Normally when video game companies go into Internet name court to take over domains using their trademarks, they walk out a winner. So you'd think that Nintendo would be easily successful in the effort to get control of WiiU.com from a cybersquatter. You'd be wrong.
Astonishingly, Nintendo's complaint before the World Intellectual Property Organization has been denied. The company was trying to get control of WiiU.com, which was registered back before even the Wii existed: Jan 13, 2004.
No reason was given for the denial in the WIPO's decision, reached on June 19 but posted yesterday and reported by Fusible. WiiU.com right now is a placeholder page redirecting visitors to various links, some related to the Wii U, others not.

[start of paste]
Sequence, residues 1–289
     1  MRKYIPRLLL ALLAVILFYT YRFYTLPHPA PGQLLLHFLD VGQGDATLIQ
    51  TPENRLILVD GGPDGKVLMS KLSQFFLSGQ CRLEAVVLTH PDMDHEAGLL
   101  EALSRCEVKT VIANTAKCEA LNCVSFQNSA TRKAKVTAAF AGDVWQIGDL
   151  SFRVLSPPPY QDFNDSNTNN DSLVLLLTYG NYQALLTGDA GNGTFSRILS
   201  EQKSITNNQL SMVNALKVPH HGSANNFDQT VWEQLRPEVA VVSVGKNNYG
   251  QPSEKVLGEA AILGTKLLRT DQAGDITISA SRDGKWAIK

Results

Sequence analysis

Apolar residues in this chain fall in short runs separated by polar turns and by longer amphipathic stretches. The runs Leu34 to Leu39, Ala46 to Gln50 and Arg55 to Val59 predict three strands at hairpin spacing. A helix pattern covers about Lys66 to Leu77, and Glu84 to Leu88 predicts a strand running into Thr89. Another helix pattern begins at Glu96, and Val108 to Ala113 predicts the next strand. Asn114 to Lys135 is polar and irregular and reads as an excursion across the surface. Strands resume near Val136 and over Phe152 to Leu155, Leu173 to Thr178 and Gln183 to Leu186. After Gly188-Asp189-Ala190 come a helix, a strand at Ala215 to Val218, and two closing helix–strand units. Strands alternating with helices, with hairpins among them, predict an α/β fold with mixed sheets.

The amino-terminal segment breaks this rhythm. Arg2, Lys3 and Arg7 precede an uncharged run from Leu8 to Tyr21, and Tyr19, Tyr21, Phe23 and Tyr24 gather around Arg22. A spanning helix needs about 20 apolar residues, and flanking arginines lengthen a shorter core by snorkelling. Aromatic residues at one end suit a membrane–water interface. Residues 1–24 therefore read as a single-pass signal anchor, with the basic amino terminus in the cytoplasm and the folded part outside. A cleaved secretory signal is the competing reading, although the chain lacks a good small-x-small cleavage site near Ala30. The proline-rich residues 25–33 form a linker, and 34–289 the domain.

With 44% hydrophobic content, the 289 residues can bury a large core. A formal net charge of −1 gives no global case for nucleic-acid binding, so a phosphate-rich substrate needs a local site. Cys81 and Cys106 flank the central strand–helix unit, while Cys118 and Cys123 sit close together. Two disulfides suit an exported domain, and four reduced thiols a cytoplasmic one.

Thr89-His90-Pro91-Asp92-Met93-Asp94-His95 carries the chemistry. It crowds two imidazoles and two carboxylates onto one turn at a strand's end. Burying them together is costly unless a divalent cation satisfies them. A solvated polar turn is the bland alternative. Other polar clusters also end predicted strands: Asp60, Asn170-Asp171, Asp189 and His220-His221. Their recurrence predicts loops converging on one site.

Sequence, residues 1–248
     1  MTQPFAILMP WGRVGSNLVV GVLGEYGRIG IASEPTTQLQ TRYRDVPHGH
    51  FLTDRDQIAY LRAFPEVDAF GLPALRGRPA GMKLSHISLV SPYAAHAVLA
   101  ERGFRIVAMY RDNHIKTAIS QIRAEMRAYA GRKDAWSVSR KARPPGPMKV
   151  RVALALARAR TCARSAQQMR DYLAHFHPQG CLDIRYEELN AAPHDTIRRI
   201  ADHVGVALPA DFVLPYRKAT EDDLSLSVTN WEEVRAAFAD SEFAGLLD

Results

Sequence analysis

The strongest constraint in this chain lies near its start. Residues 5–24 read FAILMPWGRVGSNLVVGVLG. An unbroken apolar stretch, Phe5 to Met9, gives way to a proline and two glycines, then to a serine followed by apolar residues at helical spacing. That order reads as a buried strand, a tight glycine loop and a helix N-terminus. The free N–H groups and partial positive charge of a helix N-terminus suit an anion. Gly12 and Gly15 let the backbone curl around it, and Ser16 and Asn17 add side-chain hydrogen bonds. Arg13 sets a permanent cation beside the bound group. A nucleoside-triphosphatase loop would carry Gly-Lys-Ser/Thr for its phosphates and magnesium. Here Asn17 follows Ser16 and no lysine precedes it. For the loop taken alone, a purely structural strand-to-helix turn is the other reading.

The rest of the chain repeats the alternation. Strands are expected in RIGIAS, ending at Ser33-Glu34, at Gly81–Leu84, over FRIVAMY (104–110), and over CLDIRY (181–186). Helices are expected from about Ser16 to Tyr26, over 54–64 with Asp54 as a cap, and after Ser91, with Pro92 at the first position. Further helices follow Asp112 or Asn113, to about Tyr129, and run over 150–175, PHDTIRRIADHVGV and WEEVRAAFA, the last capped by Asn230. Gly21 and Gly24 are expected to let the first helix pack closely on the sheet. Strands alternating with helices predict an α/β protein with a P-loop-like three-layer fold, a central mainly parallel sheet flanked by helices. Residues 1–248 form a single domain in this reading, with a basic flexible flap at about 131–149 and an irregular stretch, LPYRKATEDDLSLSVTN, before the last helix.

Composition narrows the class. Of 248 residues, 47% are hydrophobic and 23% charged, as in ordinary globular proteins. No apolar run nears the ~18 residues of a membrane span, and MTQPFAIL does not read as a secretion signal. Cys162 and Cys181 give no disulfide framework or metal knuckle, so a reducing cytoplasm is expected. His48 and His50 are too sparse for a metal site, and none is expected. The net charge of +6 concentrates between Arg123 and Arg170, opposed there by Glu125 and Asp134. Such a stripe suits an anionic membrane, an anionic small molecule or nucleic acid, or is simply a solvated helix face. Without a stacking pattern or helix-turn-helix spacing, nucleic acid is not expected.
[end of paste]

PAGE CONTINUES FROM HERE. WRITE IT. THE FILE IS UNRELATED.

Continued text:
This would seem to be an ominous sign for Microsoft, which also does not control XboxOne.com and has filed a complaint to take control of it—though that matter is before a different body, the National Arbitration Forum.
Fusible noted that WiiU.com was up for auction before Nintendo filed its complaint in February. The company may now have to pay quite a hefty price if it wants the domain.
I've reached out to a Nintendo representative. Any comment the company makes will be updated here.
[Update] Nintendo responded Monday morning with this statement:
Nintendo’s efforts to recover the domain name wiiu.com through a Uniform Dispute Resolution Policy administrative proceeding were unsuccessful. Nintendo has a strong history of protecting against infringement of our intellectual property rights and we are continuing to review our legal options. This decision does not impact Nintendo’s ability to enforce against violations concerning intellectual property.